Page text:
A few must-reads about incarceration in America

Two articles and two books that anyone who is interested in criminal justice policy (or addiction policy…or education policy) should read.

In December of 1998, Eric Schlosser‘s piece The Prison Industrial Complex appeared in The Atlantic. Mr. Schlosser is more well-known for his book (and the 2006 movie) Fast Food Nation (the topic about the food industry in America deserves several posts or another website – in my next life). It paints a disturbing portrait about the move to the privatization of prisons and what that means for people who go to court and the inmates who are incarcerated. It very much predicted situations like this (you should really click on that and read the horrible story about a judge who sentenced kids to a prison in Pennsylvania – he earned kickbacks from the owners of the prison for keeping it full).

The Caging of America by Adam Gopnik was published in the January 30, 2012 The New Yorker. It is what I consider to be the best single article on our prison system to date.

Ted Conover published New Jack in 2000. This review of it by Kathy Robbins appeared in Publishers Weekly:

Stymied by both the union and prison brass in his effort to report on correctional officers, Conover instead applied for a job, and spent nearly a year in the system, mostly at Sing Sing, the storied prison in the New York City suburbs. Fascinated and fearful, the author in training grasps some troubling truths: “we rule with the inmates’ consent,” says one instructor, while another acknowledges that “rehabilitation is not our job.” As a Sing Sing “newjack” (or new guard), Conover learns the folly of going by the book; the best officers recognize “the inevitability of a kind of relationship” with inmates. Whether working the gallery, the mess hall or transportation detail, the job is both a personal and moral challenge: at the isolation unit (“the Box”), Conover begins to write up his first “use of force” incident when a fellow officer waves him away. He steps back to offer a history of the prison, the “hopelessly compromised” work of prison staff and the unspoken idealism he senses in fellow guards. Stressed by his double life and the demands of the job, caught between the warring impulses of anthropological inquiry and “the incuriosity that made the job easier,” Conover struggles but nevertheless captures scenes of horror and grace. With its nuanced portraits of officers and inmates, the book never preaches, yet it conveys that we ignore our prisons–an explosive (and expensive) microcosm of race and class tensions–at our collective peril.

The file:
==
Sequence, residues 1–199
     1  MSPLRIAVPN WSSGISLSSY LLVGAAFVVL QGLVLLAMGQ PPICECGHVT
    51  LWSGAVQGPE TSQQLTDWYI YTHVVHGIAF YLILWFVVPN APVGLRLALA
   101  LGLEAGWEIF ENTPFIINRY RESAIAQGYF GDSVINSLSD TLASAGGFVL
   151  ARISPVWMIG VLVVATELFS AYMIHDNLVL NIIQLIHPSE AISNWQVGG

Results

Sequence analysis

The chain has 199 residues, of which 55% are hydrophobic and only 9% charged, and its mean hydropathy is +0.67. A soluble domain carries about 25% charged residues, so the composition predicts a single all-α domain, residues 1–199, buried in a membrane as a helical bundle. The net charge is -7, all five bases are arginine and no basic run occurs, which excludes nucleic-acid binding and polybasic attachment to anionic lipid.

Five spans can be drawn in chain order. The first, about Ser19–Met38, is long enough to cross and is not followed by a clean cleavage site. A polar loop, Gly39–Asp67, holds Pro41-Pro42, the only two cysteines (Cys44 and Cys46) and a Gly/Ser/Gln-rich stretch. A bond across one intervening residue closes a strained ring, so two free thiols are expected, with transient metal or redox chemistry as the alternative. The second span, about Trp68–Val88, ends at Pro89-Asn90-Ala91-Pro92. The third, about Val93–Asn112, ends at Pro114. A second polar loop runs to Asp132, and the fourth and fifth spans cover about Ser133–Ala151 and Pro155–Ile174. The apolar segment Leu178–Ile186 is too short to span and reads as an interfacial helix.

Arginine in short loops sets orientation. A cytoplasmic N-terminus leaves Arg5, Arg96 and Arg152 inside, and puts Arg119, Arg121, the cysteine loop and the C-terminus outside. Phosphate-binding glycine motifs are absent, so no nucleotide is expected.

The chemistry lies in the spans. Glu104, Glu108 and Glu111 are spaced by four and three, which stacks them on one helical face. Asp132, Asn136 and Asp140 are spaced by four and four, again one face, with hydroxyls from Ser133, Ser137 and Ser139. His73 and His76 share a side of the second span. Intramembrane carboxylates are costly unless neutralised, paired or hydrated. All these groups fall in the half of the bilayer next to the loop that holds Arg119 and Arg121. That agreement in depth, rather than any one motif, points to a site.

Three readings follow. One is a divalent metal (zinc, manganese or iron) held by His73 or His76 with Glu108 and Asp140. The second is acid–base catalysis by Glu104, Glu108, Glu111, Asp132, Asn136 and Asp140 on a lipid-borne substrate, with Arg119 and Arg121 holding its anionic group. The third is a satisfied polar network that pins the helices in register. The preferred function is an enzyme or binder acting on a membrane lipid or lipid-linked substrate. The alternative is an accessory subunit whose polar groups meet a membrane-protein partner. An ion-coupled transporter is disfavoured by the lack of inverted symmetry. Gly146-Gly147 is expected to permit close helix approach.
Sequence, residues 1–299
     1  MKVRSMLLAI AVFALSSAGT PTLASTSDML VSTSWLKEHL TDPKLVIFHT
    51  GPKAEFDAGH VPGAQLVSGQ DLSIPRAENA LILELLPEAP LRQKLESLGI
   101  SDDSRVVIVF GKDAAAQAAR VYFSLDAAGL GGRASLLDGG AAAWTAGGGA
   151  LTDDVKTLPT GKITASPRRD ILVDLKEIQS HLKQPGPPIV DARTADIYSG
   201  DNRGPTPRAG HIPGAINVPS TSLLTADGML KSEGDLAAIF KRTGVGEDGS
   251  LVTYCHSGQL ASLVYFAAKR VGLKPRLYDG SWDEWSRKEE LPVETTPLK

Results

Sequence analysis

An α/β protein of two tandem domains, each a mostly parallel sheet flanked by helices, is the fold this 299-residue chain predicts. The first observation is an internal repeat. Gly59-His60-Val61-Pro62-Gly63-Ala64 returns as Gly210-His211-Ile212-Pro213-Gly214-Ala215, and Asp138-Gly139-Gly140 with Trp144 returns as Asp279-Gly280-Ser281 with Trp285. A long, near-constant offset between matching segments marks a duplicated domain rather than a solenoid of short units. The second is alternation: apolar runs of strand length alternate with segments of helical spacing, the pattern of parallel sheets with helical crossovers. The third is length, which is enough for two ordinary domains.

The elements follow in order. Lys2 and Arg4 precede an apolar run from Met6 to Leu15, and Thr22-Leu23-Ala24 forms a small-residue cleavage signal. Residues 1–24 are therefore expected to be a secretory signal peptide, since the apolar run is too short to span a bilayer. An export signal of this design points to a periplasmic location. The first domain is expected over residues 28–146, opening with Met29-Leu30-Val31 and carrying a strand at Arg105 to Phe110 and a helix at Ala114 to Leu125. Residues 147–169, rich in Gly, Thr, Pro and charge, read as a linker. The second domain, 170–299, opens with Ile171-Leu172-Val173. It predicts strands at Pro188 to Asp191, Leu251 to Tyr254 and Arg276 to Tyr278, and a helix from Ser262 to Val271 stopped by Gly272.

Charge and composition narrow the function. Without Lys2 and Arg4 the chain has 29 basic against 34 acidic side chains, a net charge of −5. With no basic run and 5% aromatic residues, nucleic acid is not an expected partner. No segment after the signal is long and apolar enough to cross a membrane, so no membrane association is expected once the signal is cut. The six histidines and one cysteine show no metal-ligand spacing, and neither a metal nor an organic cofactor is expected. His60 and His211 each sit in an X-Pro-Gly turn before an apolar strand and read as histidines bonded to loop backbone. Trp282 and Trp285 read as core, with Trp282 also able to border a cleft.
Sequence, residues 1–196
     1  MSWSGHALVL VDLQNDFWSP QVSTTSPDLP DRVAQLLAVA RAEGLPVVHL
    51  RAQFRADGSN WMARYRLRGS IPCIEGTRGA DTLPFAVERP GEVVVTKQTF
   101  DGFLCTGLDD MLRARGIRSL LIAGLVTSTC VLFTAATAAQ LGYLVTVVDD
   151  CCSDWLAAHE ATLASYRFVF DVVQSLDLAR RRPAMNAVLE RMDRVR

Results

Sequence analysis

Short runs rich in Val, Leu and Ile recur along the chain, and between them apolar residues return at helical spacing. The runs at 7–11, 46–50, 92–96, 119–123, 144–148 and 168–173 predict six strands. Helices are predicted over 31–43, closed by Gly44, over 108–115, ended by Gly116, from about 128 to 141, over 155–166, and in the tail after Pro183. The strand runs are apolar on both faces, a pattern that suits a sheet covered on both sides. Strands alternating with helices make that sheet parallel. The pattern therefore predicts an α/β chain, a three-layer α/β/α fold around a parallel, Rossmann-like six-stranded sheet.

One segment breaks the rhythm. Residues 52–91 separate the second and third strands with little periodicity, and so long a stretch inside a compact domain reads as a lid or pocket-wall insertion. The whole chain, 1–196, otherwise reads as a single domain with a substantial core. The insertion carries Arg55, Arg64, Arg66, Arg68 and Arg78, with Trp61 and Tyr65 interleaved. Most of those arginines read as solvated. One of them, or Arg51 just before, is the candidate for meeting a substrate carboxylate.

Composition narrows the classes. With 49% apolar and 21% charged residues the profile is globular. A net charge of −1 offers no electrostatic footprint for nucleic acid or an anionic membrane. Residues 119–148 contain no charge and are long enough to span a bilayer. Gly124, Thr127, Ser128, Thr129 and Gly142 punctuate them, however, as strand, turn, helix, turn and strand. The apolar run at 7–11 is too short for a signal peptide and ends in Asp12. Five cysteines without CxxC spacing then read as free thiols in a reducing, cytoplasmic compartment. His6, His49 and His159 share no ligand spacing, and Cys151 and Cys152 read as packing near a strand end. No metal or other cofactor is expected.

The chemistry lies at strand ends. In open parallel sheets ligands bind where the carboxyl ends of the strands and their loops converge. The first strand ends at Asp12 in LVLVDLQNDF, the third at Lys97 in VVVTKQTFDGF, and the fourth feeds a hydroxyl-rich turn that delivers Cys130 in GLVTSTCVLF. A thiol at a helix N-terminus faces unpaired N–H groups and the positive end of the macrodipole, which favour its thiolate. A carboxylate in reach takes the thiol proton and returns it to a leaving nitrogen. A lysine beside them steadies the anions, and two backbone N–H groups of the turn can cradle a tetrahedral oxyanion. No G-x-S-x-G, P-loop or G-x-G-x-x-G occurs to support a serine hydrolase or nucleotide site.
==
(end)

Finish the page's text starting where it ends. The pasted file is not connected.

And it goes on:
Michelle Alexander published The New Jim Crow in 2010. This blurb from her website does an excellent job describing her masterpiece:

…today an extraordinary percentage of the African American community is warehoused in prisons or trapped in a parallel social universe, denied basic civil and human rights—including the right to vote; the right to serve on juries; and the right to be free of legal discrimination in employment, housing, access to education and public benefits. Today, it is no longer socially permissible to use race explicitly as a justification for discrimination, exclusion, and social contempt. Yet as civil-rights-lawyer-turned-legal-scholar Michelle Alexander demonstrates, it is perfectly legal to discriminate against convicted criminals in nearly all the ways in which it was once legal to discriminate against African Americans. Once labeled a felon, even for a minor drug crime, the old forms of discrimination are suddenly legal again. In her words, “we have not ended racial caste in America; we have merely redesigned it.”

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